For Live Green Landscape Associates, which implemented the garden, the rooftop location was the tough part. “With no conventional access, everything was hard to get to,” recalls Live Green president Michael Martin. Some 1,200 tons of soil had to be transported, plantings were craned onto the roof and free-floating concrete forms were employed to pour concrete.
The healing garden has received numerous awards, including a Landscape Contractor of the Year grand award and a Planet Award from the National Association of Landscape Professionals.
LANDSCAPE ARCHITECTURE: Steve Kelly, PLA, lead project designer, Mahan Rykiel Associates, Inc., Baltimore, Maryland. LANDSCAPE INSTALLATION: Michael Martin, Live Green Landscape Associates, Owings Mills, Maryland.
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Distinctive Designs

Ikat textiles, with their distinctively rich, saturated hues and blurred, softened lines, have dominated fabric design for some time. The vibrant, abstract patterns lend themselves to rugs, upholstery, drapes and pillows. Now, legendary French textile boutique Hermès has translated ikats to porcelain with its Voyage en Ikat dinner service.
Designed by Benoit-Pierre Emery for Hermès, this delicate collection encompasses hues of emerald, sapphire, ruby and gold. Applied singly or in combination, these colors grace plates, platters, bowls and much more. The shapes of the pieces reflect an Asian influence—when stacked, the plates resemble a lotus flower—but the collection is French in terms of function and includes a vase, soup tureen and other classic pieces. Made in Limoges, France, the white porcelain is decorated by Hermès craftsmen.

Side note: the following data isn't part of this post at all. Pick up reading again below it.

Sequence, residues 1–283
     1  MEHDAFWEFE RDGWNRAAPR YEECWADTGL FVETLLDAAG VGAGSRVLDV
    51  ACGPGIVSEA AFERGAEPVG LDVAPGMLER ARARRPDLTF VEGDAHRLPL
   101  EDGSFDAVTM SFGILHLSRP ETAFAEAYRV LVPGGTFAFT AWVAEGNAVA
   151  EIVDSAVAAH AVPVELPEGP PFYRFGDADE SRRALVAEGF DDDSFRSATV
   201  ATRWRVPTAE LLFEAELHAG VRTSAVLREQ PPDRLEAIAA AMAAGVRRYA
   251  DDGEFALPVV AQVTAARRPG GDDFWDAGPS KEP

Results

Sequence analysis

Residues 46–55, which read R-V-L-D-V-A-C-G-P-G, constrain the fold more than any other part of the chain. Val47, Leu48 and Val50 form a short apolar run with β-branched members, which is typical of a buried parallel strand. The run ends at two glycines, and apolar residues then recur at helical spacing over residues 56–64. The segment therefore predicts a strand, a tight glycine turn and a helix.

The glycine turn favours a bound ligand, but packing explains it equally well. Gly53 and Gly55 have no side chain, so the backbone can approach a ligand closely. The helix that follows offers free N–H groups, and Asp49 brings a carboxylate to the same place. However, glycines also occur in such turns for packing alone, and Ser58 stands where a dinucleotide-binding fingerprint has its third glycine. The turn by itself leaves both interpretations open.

The Voyage en Ikat dinner service was unveiled at this year’s Maison & Objet in Paris, and is currently available at the Hermès boutique that opened recently at CityCenterDC. 202-789-4341;
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Beach Party

The beach comes to downtown DC from July 4 through September 7, courtesy of the National Building Museum. Made of white-painted scaffolding, wood panels and perforated mesh, “The BEACH” is a 10,000-square-foot, interactive architectural installation that will span the museum’s Great Hall, containing an “ocean” of nearly one million recyclable, translucent plastic balls. Monochromatic beach chairs and umbrellas will dot the 50-foot-wide “shoreline,” with a mirrored wall creating the effect of an infinite expanse. Kids looking for fun may “swim” in the ocean, play beach games like paddleball, enjoy the snack bar or just dangle their feet off the “pier.”
The BEACH is part of the museum’s annual Summer Block Party, with programs, exhibits and events for all ages. It was created in conjunction with Snarkitecture, an experimental Brooklyn practice that blends art and architecture in installations that allow people to engage directly with their environment. For more information, visit
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And the Winner Is…